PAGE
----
The Water Project: Ingavira Primary School -  Latrines And Urinal
The Water Project: Ingavira Primary School -  Latrines And Urinal
The Water Project: Ingavira Primary School -  Inside Kitchen
The Water Project: Ingavira Primary School -  Handwashing Facilities
The Water Project: Ingavira Primary School -  Hand Dug Well
The Water Project: Ingavira Primary School -  Hand Dug Well
The Water Project: Ingavira Primary School -  Hand Dug Well
The Water Project: Ingavira Primary School -  Garbage Heap
The Water Project: Ingavira Primary School -  Firewood Out Drying
The Water Project: Ingavira Primary School -  Entrance To The School
The Water Project: Ingavira Primary School -  Dishrack Outside The Kitchen

Project Status



Project Type:  Borehole Well and Hand Pump

Regional Program: Western Kenya WaSH Program

Project Phase:  Donate to this Project
Estimated Install Date (?):  01/28/2022

Project Features


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Ingavira Primary School was established on a small plot of land surrounded by sugar plantations and community homes in 1981. It’s a public primary school with a large number of students that perform averagely in academics. The area is noisy with motorbikes and tractors which transport sugarcane from farms to the West Kenya Sugar Factory across the road from the school.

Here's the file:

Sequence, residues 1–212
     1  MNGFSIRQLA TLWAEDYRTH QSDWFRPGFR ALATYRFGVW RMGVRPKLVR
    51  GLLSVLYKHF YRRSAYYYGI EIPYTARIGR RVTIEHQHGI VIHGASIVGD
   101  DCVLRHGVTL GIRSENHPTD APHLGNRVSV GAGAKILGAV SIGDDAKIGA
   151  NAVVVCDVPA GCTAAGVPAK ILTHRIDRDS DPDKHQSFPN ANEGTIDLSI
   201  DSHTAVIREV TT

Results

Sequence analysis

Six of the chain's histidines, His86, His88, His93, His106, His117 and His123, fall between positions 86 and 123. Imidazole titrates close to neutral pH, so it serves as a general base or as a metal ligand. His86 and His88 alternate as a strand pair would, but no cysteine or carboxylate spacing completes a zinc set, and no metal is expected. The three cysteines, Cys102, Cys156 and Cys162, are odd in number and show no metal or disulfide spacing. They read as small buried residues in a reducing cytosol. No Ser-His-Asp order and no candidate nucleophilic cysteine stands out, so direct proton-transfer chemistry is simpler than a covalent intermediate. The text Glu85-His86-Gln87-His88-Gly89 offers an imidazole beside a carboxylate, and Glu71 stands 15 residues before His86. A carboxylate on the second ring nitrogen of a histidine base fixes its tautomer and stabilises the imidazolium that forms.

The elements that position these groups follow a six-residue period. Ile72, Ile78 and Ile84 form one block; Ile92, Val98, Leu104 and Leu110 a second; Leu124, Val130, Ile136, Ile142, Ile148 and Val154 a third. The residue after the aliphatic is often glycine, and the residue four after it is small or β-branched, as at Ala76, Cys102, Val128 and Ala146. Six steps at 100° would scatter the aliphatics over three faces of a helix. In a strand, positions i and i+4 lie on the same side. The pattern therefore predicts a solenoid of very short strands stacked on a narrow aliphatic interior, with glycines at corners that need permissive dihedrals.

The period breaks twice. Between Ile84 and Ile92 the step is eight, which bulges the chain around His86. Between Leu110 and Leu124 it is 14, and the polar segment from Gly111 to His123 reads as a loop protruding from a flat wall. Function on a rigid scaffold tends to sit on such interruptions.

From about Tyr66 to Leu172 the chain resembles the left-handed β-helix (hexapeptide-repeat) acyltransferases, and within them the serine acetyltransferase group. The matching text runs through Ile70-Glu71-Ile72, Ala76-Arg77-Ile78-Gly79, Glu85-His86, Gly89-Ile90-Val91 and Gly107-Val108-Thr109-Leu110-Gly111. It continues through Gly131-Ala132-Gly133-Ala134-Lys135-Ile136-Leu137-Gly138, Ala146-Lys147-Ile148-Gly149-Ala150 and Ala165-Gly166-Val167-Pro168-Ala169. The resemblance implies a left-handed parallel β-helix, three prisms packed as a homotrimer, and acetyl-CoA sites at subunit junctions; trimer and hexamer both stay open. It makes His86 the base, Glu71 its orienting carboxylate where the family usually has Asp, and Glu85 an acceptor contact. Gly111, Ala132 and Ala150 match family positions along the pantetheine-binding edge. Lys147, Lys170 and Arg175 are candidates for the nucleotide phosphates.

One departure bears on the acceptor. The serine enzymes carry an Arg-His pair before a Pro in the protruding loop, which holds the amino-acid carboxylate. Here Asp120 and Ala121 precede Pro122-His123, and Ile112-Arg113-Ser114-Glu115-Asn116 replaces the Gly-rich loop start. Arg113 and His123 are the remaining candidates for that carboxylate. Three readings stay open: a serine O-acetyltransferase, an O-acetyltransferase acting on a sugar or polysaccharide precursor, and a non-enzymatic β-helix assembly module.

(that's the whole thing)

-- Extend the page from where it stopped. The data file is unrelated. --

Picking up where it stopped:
The school has a hand-dug well which is seasonal. When it is the dry season, the well has no water. It has very little water during the rainy season, but pupils can not use the water for drinking or cooking.

“Pupils consume a lot of time going to look for water rather than being in class. Also, accidents happen on the road because the school is where tractors and motorcycles pass,” said Margaret Nambivi, Deputy Head Teacher.

Due to the rationing of water by the county, students wake up very early in the morning to go and look for water to bring to school. It is often not enough for cleaning the classrooms and washing latrines and makes them late to school.